To many people, there are undeniable signs of the beginning of Summer.
We've had a cold and quarrelsome Winter here in Darkmouth, the First Town in Massachusetts to Privatize All of Its Schools (if, by "privatize," you mean "making kids and parents pay out of their pockets for everything, even at the public schools." The ones that are left, anyway.). But when our wet and week-long Spring slams into the dry, hard, and rocky soil, the flood of cargo shorts and midriffs smacks the rural sidewalks and mall parking lots like downpours on stonewalls and plastic lawn ornaments.
It's time to tumble headlong into Summer, and there's only one true signification that marks the switch from hot buttered rum to cold gin and tonic. So, fully understanding the risk of rushing the season...
Even while the laying of community sewage lines (and subsequent road construction) defied the menacing frost heaves and continued nearly unabated (providing employment for dozens of neglected detail cops), we awaited The Opening of the Bridge.
And now it's finally here! The official press release states:
Opening Day distinctly specifies, for those particularly invested in the SouthCoast's class war, the uneasy socio-economic difference between Swamper and Snob.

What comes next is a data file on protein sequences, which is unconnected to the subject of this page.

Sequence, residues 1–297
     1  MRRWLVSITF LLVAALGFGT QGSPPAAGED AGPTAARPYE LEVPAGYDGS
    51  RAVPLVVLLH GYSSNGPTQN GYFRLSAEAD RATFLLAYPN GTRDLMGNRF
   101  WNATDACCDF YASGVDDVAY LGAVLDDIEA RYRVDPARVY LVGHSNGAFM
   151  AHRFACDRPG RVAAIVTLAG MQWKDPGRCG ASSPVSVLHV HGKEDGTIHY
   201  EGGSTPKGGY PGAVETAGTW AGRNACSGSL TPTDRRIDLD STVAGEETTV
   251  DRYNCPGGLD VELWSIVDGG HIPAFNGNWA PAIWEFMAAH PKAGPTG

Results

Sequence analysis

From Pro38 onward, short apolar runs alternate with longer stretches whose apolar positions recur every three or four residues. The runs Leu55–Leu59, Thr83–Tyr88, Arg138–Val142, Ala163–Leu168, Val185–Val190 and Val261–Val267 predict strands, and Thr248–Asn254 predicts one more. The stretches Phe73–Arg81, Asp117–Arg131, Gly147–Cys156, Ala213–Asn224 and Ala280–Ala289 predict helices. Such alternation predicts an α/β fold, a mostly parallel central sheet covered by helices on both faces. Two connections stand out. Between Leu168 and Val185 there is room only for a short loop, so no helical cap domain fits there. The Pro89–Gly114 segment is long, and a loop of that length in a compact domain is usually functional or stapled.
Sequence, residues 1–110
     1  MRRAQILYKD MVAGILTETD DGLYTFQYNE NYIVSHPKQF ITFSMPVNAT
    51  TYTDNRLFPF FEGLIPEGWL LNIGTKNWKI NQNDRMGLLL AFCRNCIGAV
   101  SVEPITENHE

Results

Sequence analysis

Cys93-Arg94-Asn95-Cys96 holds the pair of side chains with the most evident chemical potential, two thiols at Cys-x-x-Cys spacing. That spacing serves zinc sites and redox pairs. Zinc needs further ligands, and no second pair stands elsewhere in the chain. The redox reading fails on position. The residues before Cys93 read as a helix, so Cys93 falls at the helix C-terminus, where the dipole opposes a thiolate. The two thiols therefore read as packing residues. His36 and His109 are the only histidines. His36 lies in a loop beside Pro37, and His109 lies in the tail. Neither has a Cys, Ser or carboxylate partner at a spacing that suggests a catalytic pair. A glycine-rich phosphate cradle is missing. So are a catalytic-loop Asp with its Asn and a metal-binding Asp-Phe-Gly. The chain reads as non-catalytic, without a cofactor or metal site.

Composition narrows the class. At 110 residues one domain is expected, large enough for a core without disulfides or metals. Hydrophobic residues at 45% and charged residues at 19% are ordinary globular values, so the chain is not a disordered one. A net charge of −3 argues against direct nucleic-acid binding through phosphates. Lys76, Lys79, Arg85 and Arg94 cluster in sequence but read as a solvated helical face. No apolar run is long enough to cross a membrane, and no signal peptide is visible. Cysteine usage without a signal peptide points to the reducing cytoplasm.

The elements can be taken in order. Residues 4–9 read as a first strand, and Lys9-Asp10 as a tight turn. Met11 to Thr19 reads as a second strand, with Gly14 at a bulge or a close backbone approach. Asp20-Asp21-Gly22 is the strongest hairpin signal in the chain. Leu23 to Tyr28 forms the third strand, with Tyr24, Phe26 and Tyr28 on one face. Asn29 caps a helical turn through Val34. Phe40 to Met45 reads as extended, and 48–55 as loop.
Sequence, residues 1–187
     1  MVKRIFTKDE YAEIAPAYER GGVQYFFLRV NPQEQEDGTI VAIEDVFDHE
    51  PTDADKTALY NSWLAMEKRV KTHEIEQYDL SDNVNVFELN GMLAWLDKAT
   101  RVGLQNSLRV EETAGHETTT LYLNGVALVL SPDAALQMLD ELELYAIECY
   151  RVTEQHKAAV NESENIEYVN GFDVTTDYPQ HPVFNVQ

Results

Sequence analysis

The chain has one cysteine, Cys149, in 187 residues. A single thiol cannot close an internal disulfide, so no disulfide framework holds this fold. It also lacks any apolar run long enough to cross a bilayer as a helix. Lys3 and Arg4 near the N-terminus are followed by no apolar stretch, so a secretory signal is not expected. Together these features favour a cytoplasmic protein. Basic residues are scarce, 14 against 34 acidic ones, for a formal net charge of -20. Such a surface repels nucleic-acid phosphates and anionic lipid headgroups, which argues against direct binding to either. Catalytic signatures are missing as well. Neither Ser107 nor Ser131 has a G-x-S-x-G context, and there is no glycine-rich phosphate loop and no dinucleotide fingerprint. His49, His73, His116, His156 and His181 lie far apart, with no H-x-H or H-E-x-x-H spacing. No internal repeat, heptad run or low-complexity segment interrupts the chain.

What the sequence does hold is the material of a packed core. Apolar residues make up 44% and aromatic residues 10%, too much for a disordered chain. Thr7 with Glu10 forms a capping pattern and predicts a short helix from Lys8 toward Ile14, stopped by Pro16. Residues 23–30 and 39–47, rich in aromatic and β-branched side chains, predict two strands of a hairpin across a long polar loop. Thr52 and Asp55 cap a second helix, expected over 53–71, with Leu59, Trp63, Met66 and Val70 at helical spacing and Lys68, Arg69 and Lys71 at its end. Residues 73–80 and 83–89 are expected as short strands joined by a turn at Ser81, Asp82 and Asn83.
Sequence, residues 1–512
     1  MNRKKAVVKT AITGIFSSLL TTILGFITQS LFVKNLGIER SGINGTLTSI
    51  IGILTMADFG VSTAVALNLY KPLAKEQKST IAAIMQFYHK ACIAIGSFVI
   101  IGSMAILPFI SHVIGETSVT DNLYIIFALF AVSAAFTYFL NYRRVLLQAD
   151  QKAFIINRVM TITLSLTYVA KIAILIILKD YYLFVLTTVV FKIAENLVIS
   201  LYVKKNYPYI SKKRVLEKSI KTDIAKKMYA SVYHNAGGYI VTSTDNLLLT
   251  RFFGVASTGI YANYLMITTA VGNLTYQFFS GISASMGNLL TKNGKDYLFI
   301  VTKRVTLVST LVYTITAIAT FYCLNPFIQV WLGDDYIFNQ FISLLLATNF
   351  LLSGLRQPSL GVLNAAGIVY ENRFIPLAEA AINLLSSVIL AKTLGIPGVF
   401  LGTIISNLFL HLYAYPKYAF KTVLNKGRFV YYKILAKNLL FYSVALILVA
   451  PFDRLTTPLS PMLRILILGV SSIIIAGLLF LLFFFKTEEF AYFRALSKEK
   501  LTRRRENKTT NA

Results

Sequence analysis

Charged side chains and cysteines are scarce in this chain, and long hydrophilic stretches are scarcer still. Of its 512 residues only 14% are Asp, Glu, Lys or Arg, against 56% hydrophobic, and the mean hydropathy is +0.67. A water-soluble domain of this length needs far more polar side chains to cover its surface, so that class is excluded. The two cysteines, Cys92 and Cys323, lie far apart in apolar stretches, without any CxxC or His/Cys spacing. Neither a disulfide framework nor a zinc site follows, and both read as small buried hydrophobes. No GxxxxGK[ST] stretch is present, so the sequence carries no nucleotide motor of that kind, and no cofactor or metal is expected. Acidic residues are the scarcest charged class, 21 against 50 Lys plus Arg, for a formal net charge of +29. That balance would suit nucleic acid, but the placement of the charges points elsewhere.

The bridge will open on the hour and the half hour from 6-8 a.m. and 8-9 p.m.
The bridge will open on the hour between 8 a.m. and 8 p.m.
To the Swamper who may never journey to the city because gasoline is expensive and he needs it for the ATV, the perplexity posed by the "bridge open/bridge closed" conundrum holds little interest. For the villagers, the bridge allowing boats to pass means that their geologic connection to the fahmahs is severed, on the hour, albeit briefly.
The Beach is a weird place.
As for me, a trip down Gulf Road at 7:30 a.m. means I get to sit for a while and admire the fleeting beauty of what I daresay is the most comfortably picturesque seaside community in Massachusetts. I don't mind sitting on the causeway to the opened bridge, turning off the car's engine and looking at the Padanaram skyline (if heading east) or the natural marsh timberline (heading west). I count the moored vessels in the harbor, noting the tide and wind direction and mere activity. The regatta's hosted by the Beverly Yacht Club this year, so it'll be quiet. Just quiet enough for some retiree, who pokes at the throttle of the Universal on his O'Day 35', heading out past the Yacht Club to Ricketson's Point and out into the Bay, and maybe, just maybe, set that new jib once he gets out past where the radome used to be at Round Hill.